Non­fic­tion

Jew­ish Pub­lic Cul­ture in the Late Russ­ian Empire

Jef­frey Veidlinger
  • Review
By – October 28, 2011

This book explores and maps the devel­op­ment of Jew­ish pub­lic cul­ture in the final decades of the Tsarist Russ­ian Empire. The focus is par­tic­u­lar­ly on the decade that fol­lowed the Rev­o­lu­tion of 1905, when oppor­tu­ni­ties blos­somed for orga­niz­ing a vari­ety of vol­un­tary asso­ci­a­tions and orga­ni­za­tions, although the Tsarist régime con­tin­ued to restrict free cul­tur­al expres­sions that might lead to demands for more polit­i­cal change. Tra­di­tion­al Jew­ish com­mu­nal life was trans­formed with the estab­lish­ment of a pletho­ra of vol­un­tary cul­tur­al orga­ni­za­tions that includ­ed libraries, lit­er­ary clubs, musi­cal groups, his­tor­i­cal soci­eties, and both ama­teur and pro­fes­sion­al the­ater, that were open to both men and women. 

Much of the new Russ­ian Jew­ish cul­ture was oral and aur­al in form, with an array of lec­tures, read­ings, per­for­mances, debates, and dis­cus­sions that attract­ed ever-grow­ing num­bers of Jews. Thou­sands scram­bled to see and hear such writ­ers as Mendele, Peretz, and Sholem Ale­ichem, who trav­eled the Russ­ian Jew­ish lec­ture circuit.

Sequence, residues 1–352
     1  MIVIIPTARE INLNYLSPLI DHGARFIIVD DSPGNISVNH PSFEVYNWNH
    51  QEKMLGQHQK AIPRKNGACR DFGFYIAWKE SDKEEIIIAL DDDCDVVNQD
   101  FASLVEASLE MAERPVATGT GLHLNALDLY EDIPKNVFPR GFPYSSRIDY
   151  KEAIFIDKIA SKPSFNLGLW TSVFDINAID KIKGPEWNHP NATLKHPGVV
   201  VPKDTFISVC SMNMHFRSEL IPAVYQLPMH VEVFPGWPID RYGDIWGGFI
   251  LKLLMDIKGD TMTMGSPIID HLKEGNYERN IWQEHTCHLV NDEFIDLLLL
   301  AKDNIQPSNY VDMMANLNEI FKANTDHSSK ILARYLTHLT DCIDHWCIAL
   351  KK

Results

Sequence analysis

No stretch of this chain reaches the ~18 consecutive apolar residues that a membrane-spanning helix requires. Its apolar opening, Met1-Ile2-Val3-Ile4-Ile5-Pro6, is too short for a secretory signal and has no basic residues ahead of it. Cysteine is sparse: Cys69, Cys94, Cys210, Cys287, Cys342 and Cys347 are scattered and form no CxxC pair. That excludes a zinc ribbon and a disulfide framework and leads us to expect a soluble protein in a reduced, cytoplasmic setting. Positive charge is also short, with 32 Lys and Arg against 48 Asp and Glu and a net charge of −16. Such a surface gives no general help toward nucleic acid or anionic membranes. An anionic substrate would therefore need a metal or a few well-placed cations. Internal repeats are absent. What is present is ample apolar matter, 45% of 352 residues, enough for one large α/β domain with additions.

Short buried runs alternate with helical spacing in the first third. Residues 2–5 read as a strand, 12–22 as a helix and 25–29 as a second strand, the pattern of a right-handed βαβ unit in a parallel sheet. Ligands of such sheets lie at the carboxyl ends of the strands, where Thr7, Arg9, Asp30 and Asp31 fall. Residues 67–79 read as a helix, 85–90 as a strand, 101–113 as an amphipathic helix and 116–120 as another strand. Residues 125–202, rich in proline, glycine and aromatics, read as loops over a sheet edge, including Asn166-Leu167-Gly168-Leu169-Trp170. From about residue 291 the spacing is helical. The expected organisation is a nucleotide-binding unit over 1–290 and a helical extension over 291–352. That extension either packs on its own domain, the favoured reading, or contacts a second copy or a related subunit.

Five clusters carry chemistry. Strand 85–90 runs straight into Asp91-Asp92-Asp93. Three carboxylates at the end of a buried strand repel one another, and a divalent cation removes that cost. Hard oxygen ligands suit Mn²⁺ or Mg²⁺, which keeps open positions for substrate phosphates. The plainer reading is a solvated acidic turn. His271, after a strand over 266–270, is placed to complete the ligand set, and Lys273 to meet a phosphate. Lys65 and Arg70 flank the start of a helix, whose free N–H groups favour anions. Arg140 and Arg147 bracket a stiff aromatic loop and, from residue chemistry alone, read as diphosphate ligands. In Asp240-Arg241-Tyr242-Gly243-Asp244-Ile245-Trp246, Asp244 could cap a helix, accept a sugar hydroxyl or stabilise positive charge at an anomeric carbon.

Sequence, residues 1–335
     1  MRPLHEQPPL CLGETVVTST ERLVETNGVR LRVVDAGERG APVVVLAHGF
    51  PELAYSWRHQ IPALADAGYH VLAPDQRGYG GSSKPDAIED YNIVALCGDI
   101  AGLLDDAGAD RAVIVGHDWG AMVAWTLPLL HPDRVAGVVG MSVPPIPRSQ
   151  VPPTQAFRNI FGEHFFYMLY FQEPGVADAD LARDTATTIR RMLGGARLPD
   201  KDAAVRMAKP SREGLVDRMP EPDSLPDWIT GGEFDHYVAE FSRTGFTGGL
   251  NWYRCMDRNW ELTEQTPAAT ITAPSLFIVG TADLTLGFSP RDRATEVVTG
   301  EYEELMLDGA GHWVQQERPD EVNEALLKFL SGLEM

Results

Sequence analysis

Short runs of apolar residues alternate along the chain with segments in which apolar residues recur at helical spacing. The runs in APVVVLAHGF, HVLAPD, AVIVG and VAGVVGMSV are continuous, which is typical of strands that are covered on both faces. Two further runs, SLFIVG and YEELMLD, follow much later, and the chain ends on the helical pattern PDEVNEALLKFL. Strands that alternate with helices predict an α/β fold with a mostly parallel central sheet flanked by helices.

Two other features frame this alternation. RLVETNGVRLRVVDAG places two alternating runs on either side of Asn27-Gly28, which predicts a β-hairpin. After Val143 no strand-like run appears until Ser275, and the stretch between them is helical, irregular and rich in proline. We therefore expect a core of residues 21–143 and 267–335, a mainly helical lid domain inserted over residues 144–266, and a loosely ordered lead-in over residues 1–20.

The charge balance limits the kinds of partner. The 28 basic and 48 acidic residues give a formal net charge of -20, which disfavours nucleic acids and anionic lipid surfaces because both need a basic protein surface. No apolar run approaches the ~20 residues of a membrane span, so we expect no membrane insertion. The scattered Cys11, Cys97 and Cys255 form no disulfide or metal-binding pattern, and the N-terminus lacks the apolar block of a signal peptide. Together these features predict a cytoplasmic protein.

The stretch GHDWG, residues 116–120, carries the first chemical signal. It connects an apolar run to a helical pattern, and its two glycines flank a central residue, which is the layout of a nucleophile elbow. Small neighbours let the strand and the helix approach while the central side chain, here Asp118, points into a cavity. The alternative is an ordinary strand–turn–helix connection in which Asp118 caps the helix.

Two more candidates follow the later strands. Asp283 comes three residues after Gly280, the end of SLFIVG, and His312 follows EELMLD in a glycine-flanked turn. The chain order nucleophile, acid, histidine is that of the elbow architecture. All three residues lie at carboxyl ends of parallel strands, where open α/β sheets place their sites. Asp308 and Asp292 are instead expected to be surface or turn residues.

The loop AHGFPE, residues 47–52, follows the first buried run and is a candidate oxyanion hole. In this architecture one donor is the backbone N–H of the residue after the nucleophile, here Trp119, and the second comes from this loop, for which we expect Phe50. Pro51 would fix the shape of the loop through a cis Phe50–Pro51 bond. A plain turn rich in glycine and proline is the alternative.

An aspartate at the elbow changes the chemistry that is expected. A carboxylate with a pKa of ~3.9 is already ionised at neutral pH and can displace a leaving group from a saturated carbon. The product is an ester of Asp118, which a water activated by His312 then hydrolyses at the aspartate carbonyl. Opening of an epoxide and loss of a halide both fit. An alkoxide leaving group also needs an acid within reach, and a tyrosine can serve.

Nev­er­the­less, decid­ing what lan­guage to use divid­ed many groups, torn over whether to con­cen­trate on activ­i­ty in Russ­ian, Yid­dish, or Hebrew, each rep­re­sent­ing dif­fer­ent aspi­ra­tions and social out­looks. This book pro­vides a sense of the dynamism of Jew­ish cul­tur­al life, broad­ly defined, in what was the world’s largest Jew­ish com­mu­ni­ty whose descen­dants estab­lished Amer­i­can Jew­ry. Bib­li­og­ra­phy, index, map, notes, photographs.

Robert Moses Shapiro teach­es mod­ern Jew­ish his­to­ry, Holo­caust stud­ies, and Yid­dish lan­guage and lit­er­a­ture at Brook­lyn Col­lege of the City Uni­ver­si­ty of New York. His most recent book is The War­saw Ghet­to Oyneg Shabes-Ringel­blum Archive: Cat­a­log and Guide (Indi­ana Uni­ver­si­ty Press in asso­ci­a­tion with the U.S. Holo­caust Memo­r­i­al Library and the Jew­ish His­tor­i­cal Insti­tute in War­saw, 2009). He is cur­rent­ly engaged in trans­lat­ing Pol­ish and Yid­dish diaries from the Łódź ghet­to and the Yid­dish Son­derkom­man­do doc­u­ments found buried in the ash pits at Auschwitz-Birkenau.

Discussion Questions